If you own a lot of land and have been contemplating turning part of it into a private cemetery for your family, you may want to think about that very carefully. While it's nice to have the family so close and not have to worry about many of the costs that go into burying loved ones in public cemeteries, private cemeteries have their own problems. Take a look at these three issues before you go ahead with your plans.
Preparation, Care, and Upkeep
Despite the popular image of private cemeteries as simple plots that don't require constant attention, they really do require constant attention. Unless your family overwhelmingly prefers to have the cemetery looking overgrown and neglected, you're going to have to trim grass borders and shrubs regularly, mow the lawn, and monitor the ground for sinkholes. You'll also be responsible for calling to have the ground inspected for utility lines first, and you'll have to take security into account as well. Compare all that to burying family members in a public cemetery, where groundskeeping crews and funeral home administrators take care of all the upkeep for you.
Conflict With Mineral Rights
You'll also have to be sure that you own the mineral rights to the land where you want the cemetery to be. If you have only surface rights, that allows you to use the top few inches of soil -- but burying anything further down, like a coffin, requires that you have permission to use that part of the ground. Even if you get permission from the rights owner to use the area for a burial, you could see your private cemetery torn up for drilling if the owner of the rights changes his or her mind and decides to lease the ground to oil or gas companies.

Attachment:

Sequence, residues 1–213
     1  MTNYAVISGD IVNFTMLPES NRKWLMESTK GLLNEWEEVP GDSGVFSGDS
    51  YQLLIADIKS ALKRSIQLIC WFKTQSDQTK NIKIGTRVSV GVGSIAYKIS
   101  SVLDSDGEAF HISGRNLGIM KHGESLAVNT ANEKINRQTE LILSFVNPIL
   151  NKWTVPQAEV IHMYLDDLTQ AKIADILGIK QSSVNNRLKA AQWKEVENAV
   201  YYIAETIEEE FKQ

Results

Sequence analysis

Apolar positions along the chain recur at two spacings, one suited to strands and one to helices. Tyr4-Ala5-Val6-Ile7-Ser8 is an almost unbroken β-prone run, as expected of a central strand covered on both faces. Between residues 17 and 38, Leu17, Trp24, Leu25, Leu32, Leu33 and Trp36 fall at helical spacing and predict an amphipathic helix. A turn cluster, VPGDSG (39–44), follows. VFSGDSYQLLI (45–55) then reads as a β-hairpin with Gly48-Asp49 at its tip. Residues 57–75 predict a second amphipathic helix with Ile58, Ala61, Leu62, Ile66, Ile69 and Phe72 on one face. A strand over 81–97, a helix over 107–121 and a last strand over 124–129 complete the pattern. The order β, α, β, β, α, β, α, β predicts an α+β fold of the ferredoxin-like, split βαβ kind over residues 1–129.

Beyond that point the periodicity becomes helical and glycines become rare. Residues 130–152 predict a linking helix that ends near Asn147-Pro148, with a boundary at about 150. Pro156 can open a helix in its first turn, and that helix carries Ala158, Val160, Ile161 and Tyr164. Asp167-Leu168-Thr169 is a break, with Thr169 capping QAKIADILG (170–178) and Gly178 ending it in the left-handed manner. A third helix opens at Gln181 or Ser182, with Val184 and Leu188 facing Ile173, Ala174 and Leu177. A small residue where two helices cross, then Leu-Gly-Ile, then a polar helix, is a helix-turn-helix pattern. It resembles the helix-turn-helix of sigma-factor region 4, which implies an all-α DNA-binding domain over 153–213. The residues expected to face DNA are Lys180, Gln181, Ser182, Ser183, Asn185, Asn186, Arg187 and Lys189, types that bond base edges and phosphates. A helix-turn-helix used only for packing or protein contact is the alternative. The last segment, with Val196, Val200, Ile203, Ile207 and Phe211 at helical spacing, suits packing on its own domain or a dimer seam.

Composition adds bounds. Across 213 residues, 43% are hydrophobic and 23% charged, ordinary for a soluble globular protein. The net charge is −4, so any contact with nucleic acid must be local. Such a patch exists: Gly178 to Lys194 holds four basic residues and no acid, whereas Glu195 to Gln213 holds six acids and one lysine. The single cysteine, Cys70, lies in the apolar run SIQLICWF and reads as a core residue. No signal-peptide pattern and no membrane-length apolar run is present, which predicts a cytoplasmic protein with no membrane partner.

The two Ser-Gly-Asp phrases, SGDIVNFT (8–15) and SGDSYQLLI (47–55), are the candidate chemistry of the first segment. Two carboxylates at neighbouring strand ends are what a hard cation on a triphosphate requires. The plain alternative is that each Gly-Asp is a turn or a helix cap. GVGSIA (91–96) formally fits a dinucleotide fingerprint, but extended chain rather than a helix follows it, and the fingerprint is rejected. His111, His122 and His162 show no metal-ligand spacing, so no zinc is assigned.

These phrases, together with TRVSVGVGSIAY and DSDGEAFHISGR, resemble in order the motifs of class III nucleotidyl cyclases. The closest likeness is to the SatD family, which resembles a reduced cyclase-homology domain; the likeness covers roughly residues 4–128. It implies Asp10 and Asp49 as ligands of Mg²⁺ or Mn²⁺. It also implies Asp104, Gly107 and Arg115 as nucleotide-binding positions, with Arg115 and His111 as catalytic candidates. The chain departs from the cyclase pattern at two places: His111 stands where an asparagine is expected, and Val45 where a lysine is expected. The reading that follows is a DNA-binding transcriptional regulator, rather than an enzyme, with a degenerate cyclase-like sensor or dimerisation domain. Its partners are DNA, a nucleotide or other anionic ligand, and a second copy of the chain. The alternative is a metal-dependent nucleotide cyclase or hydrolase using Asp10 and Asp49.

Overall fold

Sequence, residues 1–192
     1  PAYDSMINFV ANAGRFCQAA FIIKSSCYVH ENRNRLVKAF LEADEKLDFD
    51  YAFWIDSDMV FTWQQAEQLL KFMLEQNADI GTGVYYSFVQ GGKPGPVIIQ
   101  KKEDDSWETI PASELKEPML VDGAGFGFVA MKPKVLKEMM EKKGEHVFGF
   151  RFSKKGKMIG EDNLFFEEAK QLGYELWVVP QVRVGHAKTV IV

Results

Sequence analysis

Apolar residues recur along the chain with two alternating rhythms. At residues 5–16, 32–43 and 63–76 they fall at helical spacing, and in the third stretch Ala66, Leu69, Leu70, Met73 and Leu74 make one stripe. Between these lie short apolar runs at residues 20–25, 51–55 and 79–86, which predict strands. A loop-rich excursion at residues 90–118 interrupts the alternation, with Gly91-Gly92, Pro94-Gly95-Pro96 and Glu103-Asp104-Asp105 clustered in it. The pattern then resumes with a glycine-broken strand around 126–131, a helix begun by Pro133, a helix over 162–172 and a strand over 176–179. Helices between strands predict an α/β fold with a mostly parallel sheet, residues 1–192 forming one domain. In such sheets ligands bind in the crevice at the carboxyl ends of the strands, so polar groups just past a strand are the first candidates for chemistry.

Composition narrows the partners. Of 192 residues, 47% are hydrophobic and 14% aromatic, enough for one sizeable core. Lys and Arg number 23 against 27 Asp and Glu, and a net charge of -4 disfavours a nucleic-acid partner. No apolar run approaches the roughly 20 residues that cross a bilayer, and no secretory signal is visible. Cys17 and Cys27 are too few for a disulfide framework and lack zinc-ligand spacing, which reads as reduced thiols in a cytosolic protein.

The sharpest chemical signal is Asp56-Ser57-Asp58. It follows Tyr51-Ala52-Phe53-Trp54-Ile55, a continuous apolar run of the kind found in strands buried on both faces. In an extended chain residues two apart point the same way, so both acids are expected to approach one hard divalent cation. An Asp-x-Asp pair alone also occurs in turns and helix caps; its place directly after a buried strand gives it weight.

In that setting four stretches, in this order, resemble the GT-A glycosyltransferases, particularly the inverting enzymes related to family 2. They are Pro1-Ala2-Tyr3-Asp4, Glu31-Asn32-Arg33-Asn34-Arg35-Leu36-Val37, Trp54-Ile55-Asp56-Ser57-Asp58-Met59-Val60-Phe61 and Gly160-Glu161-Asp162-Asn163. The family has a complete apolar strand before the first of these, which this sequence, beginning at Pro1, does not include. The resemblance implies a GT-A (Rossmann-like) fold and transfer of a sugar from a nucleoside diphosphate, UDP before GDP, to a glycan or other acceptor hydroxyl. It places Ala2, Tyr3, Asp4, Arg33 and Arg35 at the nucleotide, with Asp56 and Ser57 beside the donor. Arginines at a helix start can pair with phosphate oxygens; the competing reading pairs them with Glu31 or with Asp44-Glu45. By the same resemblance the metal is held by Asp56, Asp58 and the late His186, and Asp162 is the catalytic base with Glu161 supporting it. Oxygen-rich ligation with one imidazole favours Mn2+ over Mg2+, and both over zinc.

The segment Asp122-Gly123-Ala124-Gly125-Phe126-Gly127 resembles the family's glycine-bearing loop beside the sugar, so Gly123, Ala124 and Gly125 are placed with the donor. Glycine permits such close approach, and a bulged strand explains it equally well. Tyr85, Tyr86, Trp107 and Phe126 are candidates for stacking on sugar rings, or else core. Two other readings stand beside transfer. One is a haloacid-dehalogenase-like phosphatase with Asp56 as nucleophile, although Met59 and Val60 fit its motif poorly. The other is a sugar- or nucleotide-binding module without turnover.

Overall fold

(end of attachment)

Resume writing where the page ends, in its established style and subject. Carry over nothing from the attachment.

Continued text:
Your property will hopefully stay in your family for ages, but if you decide to sell, the cemetery could be a turnoff to potential buyers. Plus, you'd have the problem of either not being able to visit the cemetery anymore, or having to disinter all the graves and bury them elsewhere. This can be a major issue when selling because not a lot of people are going to like the idea of coffins nearby.
If you would like to find out more about using public cemeteries instead, contact a funeral home. If cost is a concern for you, the funeral directors there can help you modify burial plans to find options that are within your budget.Share
14 June 2016
Following the death of my grandfather, I found myself in the awkward position of having to write the obituary. I wanted to capture the spirit of him and list everything he was proud of in his life, including his family and work accomplishments. However, at the same time, I knew that I had a limited amount of space to work with. After spending hours researching obituaries, I finally felt confident in my skills and proceeded to write my grandfather's. In my opinion, it was perfect. Writing an obituary while you are grieving your loss is challenging, but I hope that my website helps you write one for your loved one that helps capture who they were as a person.